I am also less than sanguine about the propriety of grounding one’s deviations from the norm in rejected psak, even those with a “fine rabbinic pedigree,” when those deviations are far from the current norm. One can easily locate justifications for wife-beating and tax-cheating, as unsavory as those practices are, scattered in the words of fine scholars operating from different premises, but antithetical to the majority opinion and prevailing Jewish practice through the ages. We do not do that because minhag yisrael is sacred, because the mesora matters, and because we are a nation and not just a collection of individuals serving G-d in accordance with our subjective interests.
Obviously, our Far Left would not dare eradicate the mechitza – despite embracing ideological criteria that would endorse such a move. My sense is it would not be done not because it would violate the halacha (the Shulchan Aruch, they would posit, is silent on the matter) but rather because it is identified with the Conservative brand. It would be a blatant admission of defection. So the next best thing is done – either it is rendered unnoticeable or dismantled at the first opportunity, or that very same fight is taken to other battlefields. Hence the list of deviations from prevailing Orthodoxy that Rav Broyde cites critically as enacted by the Far Left without any hint of self-criticism on their part, or awareness that they are distancing themselves from the mainstream of faithful Jews. But the main deviation, as I see it, is not in this or that practice or change, but in an approach to the words of Chazal and the Oral Torah that is more reminiscent of the Conservative movement and that prompts each step away from the tent.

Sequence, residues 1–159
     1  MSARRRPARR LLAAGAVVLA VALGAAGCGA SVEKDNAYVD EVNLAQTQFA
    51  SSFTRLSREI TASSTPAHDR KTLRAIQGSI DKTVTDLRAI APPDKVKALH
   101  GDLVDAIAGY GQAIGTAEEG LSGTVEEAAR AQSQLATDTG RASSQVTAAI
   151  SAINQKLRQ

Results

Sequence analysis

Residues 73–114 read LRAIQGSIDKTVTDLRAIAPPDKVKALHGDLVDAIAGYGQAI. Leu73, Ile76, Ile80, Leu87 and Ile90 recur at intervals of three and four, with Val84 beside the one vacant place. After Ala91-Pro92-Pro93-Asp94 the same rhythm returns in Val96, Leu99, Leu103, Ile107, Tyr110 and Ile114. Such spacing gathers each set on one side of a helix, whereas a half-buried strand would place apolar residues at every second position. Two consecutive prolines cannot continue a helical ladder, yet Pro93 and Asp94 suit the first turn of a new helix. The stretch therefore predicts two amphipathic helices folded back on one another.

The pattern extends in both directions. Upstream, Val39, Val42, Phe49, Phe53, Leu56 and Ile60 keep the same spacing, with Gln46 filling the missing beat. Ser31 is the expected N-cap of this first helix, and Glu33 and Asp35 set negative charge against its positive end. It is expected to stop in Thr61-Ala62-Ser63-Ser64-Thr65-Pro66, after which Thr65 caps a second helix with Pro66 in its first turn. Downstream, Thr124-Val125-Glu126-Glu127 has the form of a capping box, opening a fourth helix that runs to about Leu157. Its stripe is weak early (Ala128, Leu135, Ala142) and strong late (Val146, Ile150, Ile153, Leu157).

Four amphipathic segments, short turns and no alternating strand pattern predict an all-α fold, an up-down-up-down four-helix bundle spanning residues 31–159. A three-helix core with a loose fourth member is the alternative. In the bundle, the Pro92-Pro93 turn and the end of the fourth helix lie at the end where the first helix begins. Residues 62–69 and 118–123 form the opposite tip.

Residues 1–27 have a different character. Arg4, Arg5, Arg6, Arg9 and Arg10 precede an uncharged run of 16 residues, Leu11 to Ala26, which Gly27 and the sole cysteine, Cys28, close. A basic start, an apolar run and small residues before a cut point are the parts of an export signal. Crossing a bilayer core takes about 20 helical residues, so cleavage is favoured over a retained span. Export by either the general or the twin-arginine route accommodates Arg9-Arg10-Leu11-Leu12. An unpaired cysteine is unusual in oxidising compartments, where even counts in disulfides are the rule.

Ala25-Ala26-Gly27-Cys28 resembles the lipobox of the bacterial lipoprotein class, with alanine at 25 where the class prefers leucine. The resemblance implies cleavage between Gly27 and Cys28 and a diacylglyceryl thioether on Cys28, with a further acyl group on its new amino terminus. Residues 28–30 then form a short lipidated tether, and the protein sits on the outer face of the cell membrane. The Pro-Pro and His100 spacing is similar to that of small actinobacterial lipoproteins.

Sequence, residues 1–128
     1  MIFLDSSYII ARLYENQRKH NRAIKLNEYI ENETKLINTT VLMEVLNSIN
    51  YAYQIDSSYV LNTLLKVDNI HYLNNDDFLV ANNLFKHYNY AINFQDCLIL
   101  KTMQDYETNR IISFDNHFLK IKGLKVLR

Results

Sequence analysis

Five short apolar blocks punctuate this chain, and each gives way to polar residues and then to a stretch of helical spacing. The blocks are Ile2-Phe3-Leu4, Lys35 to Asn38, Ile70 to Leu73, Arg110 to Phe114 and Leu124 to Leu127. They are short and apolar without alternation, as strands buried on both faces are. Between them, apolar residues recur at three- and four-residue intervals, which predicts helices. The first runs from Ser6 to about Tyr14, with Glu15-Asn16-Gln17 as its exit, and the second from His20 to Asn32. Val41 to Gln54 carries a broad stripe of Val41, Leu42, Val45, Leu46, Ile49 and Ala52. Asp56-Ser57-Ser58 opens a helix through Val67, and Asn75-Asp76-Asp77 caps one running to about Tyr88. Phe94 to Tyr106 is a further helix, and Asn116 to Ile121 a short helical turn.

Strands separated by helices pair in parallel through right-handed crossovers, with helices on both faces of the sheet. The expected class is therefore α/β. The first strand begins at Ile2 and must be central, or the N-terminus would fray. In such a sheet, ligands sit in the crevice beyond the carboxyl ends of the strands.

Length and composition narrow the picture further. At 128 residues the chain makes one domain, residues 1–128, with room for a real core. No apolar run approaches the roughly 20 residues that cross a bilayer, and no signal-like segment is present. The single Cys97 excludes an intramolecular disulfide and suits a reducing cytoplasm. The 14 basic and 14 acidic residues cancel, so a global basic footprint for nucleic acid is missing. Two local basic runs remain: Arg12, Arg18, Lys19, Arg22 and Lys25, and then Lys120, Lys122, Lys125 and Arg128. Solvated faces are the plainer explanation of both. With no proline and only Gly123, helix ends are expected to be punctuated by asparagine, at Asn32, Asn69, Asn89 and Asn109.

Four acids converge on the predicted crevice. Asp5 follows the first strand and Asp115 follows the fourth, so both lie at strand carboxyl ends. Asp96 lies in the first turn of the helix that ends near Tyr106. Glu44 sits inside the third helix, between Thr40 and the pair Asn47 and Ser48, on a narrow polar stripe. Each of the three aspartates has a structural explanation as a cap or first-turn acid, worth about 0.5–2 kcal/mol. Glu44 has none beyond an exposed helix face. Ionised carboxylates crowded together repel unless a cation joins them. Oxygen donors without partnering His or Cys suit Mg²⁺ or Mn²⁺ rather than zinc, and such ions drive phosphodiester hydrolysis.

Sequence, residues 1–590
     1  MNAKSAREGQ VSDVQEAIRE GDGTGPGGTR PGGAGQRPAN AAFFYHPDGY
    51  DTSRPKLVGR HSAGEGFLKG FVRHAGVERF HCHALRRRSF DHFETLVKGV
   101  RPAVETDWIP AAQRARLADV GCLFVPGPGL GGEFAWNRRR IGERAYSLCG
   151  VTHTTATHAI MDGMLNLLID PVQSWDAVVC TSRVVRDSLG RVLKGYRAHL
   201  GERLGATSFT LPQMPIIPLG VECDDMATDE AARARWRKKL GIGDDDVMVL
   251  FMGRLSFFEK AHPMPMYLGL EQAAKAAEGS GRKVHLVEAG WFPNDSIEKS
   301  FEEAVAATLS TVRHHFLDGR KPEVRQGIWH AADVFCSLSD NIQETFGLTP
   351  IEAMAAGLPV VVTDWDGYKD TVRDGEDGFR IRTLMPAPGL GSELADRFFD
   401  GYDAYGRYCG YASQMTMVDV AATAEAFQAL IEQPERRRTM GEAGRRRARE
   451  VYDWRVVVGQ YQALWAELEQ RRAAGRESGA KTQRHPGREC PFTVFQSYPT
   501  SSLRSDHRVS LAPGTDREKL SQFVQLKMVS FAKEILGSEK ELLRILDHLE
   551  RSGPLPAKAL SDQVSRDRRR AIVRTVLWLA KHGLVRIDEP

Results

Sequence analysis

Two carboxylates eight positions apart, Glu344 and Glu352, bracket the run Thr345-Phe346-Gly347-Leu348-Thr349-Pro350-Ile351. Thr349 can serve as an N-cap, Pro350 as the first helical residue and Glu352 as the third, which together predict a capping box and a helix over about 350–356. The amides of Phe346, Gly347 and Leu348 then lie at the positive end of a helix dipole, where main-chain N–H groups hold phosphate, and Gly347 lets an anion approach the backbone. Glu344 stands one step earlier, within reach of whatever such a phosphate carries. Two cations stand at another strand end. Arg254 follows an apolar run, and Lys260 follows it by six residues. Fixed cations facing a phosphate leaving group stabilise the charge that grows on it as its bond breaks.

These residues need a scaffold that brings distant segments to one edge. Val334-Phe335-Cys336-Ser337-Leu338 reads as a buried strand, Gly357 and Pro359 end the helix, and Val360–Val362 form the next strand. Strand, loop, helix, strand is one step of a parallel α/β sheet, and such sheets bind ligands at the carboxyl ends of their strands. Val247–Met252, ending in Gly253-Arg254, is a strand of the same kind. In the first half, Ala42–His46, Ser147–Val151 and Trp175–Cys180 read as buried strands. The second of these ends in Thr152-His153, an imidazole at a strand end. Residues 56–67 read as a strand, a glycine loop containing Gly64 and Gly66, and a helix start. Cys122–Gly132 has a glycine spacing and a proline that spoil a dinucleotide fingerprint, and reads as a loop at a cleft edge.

In truth, I am agnostic about expulsions because the fears of Rav Broyde of endless line-drawing and persecution are well-grounded. Nevertheless, I do see the value in clarifying what we stand for and giving clear guidance to our fellow Jews, even if that means pulling down the flaps of our tent to keep out deviationists. As Rabbanim – teachers of Torah – we shirk our responsibilities if our solitary goal remains a big tent. That would be useful if the primary objective of the RCA is to serve as a professional rabbinic fraternity that protects our jobs and pensions, come what may. But if we aspire as an organization to Torah leadership, and to impact the spiritual lives of our fellow Jews in traditional ways, then lines must be drawn and clarity achieved.
Where those lines are drawn should make for an interesting discussion. But at a certain point, it is clear that diverse opinions are impossible to reconcile and a unity on paper only will easily crumple. Therefore, “scholars, be careful with your words, lest you incur the penalty of exile, and are banished to the place of evil waters (heresy) and the disciples who come after you will drink and die, and G-d’s name will be desecrated” (Avot 1:11). That is good musar for all of us.
Rabbi Steven Pruzansky is the Rav of Congregation Bnai Yeshurun, Teaneck, New Jersey